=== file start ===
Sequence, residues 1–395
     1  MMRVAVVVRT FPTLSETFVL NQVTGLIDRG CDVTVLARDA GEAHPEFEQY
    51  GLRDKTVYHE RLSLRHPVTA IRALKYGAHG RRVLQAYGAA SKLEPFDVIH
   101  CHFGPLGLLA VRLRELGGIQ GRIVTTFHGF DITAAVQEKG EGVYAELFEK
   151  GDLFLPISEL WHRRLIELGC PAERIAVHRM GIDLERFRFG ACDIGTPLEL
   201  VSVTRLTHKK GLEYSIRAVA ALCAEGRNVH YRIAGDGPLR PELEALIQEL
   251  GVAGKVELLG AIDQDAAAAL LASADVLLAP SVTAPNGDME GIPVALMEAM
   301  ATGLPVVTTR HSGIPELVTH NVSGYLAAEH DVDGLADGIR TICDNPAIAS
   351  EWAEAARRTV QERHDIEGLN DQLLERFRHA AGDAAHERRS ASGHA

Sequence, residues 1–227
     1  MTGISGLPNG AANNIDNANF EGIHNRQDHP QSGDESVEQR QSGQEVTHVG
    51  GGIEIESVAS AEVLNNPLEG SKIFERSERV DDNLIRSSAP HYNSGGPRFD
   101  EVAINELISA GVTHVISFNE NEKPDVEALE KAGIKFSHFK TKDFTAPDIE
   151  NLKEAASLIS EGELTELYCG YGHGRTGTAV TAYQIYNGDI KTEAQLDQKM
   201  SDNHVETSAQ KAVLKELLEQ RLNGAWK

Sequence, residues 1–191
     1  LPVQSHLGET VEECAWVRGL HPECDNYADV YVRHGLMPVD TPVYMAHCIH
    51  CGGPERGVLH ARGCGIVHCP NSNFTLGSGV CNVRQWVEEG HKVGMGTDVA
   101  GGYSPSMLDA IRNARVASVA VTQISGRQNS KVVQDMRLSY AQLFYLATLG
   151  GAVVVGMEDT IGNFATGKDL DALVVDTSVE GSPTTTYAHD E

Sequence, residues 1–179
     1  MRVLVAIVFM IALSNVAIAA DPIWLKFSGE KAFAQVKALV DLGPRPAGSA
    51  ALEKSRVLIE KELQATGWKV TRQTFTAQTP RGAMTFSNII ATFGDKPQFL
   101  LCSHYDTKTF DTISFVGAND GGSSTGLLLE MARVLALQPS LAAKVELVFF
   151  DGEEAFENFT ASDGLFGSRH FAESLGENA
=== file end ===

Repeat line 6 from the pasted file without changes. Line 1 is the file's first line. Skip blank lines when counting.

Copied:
   201  VSVTRLTHKK GLEYSIRAVA ALCAEGRNVH YRIAGDGPLR PELEALIQEL